Integrating Physical and Cyber Security: Strategies that Work

What is the average age of a Chief Security Officer today? Would 50 years be a good guess? A CSO in this age range will have been working at some aspect of protection services, then since the 1980s, and at least since 1990 leading up to this current career pinnacle. Consider then the environment today’s CSO has worked through over the past 25 to 30 years. 

Considering that between 1985 and 1995 computers were more commonly associated with games, academia and entertainment, and considering security professionals were just beginning to see the emergence of computer technology into their work space, a CSO today has only begun to operate with an IT security focus since about 2004 or later. Y2K woke up many individuals to the realization that computers play a larger part in our lives than we had previously contemplated and ushered in more than world-wide terrorism for security professionals. Certainly, within critical infrastructure protection circles, information technology allowed for new security tools to be deployed and added some physical security concerns such as server room protection, but IT security has not been forefront. 

IT security in the same environment has been limited to a handful of specialists who have grown the IT security discipline within industry and taken up challenges related to critical cyber asset protection in a way that traditional security professionals could not. But IT security has typically not crossed the line into traditional protection planning in many instances. IT security professionals have often been relegated to server rooms and backrooms out of sight and not part of the traditional security team.

 In 2012, the world view is such that IT security (or cyber-security) has exploded to become the primary focus within security debates, news stories, government legislation and critical infrastructure protection initiatives. IT security has taken center stage in critical infrastructure protection. Security professionals in CSO roles now see cyber-security as central in initiatives related to regulation and standards. The traditional security professional may feel somewhat out of step as IT security professionals such as Chief Information Security Officers (CISOs) suddenly take senior posts within organizations. Even within organizations whose primary business is focused on physical assets like pipelines, dams, water systems, nuclear plants, museums, transportation systems and so on, an IT security shift is apparent. All of this creates a new paradigm. 

At a time when international espionage, nation state attacks and terrorism adopt cyber weapons, priorities for security professionals must change. In a climate where employees still use their birth dates as passwords and key vendors are still building backdoors into critical applications and defaulting factory passwords to something as mundane as, “password”, what does an organization do to protect its cyber infrastructure and also shift security culture without reducing protection across its extensive physical asset base? Does IT make business happen or simply support it? Is that question even relevant?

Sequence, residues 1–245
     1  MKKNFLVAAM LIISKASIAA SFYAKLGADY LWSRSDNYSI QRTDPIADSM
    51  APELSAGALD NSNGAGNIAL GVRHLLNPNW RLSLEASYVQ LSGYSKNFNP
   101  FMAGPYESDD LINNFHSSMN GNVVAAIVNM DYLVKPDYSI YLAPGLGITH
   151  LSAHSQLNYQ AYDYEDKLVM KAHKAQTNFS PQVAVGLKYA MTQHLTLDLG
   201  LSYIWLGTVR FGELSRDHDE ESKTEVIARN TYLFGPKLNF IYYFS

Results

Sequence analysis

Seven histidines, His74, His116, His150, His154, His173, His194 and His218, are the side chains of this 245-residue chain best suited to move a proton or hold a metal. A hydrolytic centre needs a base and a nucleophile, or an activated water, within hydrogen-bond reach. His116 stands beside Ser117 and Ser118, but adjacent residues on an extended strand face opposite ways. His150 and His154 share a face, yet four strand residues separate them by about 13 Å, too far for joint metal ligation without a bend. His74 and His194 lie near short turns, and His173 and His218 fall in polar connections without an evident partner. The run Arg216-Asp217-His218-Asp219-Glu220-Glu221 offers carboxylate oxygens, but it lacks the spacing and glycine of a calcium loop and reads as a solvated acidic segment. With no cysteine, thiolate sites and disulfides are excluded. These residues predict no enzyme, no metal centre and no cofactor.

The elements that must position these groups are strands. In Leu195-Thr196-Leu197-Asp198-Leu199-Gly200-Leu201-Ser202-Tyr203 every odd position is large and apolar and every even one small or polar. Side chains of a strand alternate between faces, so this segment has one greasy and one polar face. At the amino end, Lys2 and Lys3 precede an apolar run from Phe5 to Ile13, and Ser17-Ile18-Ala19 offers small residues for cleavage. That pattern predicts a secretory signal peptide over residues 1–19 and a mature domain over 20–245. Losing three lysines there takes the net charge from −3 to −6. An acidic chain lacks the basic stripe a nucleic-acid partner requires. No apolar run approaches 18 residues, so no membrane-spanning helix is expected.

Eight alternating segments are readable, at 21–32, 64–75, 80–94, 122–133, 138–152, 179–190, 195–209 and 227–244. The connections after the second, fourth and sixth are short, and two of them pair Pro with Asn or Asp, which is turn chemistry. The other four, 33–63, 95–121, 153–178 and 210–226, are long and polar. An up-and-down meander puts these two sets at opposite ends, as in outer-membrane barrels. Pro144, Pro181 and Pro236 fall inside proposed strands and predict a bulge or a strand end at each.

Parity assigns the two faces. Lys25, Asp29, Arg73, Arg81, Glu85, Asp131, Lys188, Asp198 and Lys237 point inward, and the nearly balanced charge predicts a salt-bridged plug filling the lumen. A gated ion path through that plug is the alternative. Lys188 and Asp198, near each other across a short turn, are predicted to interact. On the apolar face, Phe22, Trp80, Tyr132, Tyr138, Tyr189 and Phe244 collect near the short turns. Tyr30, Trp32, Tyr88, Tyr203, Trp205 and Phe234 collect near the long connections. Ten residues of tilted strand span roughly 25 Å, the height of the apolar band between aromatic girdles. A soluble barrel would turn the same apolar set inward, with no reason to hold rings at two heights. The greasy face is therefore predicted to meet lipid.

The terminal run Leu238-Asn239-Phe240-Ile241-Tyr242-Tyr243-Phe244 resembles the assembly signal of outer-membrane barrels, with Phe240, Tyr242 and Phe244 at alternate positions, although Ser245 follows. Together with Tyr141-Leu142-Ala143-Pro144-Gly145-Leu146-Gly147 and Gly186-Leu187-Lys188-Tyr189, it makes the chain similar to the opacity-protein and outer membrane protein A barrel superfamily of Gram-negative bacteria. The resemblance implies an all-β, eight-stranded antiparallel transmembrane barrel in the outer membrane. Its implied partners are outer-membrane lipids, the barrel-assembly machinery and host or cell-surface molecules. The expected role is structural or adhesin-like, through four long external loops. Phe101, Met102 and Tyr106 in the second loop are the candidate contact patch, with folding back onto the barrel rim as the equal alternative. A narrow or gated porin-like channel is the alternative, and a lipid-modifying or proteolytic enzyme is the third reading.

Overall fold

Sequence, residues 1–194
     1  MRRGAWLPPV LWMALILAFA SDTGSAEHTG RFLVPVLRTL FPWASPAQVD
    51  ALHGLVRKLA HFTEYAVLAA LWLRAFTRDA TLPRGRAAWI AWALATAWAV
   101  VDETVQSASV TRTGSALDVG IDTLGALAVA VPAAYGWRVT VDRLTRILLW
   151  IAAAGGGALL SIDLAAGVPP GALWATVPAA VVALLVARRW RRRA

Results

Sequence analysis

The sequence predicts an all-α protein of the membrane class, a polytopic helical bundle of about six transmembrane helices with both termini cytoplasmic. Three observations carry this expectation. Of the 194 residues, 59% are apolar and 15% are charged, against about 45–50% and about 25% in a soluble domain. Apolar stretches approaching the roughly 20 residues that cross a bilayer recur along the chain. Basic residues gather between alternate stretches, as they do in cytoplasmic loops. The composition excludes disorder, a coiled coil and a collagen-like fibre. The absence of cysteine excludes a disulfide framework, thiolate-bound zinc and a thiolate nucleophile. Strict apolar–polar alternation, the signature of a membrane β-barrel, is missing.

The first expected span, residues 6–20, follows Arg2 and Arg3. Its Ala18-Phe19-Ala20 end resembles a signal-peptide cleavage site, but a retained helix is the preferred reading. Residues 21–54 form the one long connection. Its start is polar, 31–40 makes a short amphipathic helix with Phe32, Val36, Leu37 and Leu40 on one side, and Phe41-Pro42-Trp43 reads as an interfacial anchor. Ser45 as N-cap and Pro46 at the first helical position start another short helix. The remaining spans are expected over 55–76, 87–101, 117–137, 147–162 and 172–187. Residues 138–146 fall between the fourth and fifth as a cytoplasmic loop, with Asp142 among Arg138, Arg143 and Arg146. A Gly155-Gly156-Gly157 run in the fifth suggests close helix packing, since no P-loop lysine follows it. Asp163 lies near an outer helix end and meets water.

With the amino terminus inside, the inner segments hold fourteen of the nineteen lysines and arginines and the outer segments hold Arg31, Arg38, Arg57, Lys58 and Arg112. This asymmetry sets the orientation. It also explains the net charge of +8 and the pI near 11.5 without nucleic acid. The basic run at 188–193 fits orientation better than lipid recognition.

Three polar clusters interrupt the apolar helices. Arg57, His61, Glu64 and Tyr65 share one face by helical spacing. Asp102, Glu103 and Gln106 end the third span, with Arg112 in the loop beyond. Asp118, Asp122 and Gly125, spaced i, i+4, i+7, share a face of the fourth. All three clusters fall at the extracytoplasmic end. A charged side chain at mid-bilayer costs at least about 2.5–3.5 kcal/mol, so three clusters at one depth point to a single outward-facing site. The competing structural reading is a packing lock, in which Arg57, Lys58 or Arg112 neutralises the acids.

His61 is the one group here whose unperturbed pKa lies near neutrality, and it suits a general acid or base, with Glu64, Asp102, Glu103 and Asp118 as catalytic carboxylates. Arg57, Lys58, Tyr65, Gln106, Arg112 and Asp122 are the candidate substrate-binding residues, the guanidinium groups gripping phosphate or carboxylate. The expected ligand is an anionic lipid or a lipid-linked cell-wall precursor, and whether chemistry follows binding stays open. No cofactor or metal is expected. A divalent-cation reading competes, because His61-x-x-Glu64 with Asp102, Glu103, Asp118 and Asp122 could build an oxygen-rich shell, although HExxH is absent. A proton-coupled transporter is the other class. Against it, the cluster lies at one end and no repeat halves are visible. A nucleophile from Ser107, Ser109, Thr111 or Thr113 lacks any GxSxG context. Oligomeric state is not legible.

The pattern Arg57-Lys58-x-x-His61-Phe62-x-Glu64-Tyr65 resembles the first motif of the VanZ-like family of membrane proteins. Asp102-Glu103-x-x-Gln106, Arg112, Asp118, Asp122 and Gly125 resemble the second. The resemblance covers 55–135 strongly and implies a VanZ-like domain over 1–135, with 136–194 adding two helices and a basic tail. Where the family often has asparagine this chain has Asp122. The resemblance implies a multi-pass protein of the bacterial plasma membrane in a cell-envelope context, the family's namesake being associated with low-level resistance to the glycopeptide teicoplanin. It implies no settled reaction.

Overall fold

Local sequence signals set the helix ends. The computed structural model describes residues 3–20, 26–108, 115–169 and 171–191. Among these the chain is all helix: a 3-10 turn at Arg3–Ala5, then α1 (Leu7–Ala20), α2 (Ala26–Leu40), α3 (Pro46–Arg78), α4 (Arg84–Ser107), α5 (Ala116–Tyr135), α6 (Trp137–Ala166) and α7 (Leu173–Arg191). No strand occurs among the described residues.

Today, security professionals are challenged to protect critical cyber assets as well as the infrastructure the IT serves. Not only do physical assets and their related Operational Technology (OT), like Programmable Logic Controllers need priority protection from a number of threats, access to these assets has been given network access. Assigning protection to server rooms and facilities is now only a relatively small part of the protection formula. Along with insider threats, and IT-savvy insiders at that, threat actors can reach our critical assets and their operating systems from around the world. Stealing financial records, intellectual property and personal information through hacking is scary enough. Gaining access to OT controls that assist in the operation of major dams, pipelines, railway systems, nuclear plants and the like is somewhat terrifying. Security leaders are now faced with a fully integrated problem that cannot be solved by independent security teams working in isolation from one another.

Security principles have not changed much in the past 30 years, but the application of those principles is shifting daily. Addressing integrated security disciplines to ensure a cohesive and collaborative security solutions environment in any organization requires a number of coordinated things to happen efficiently. These include information sharing, collaborative planning, new education platforms, shared risk management practices and much more where IT and traditional security experts combine resources to achieve protection goals.

The Utilities Security Council of ASIS International has partnered with security professionals from (ISC)² to draft a white paper on the topic of security integration and the challenges associated with integrating the IT and traditional security disciplines. This paper provides some important solutions for bringing traditional security and IT security into a collaborative and truly integrated partnership and directs the discussion to address security in the new paradigm. The priority concern today is that we recognize the need for an integrated approach and that critical infrastructure and security management be well served through effective security leadership. This paper will be discussed at the 58th Annual ASIS International Seminars & Exhibits, in Philadelphia, PA. 

Join us on Tuesday, September 11th, 2012 at 11:00 a.m. for session #3115 to hear Utilities and IT security professionals discuss, Integrating Traditional & Cyber-security: Strategies that Work.

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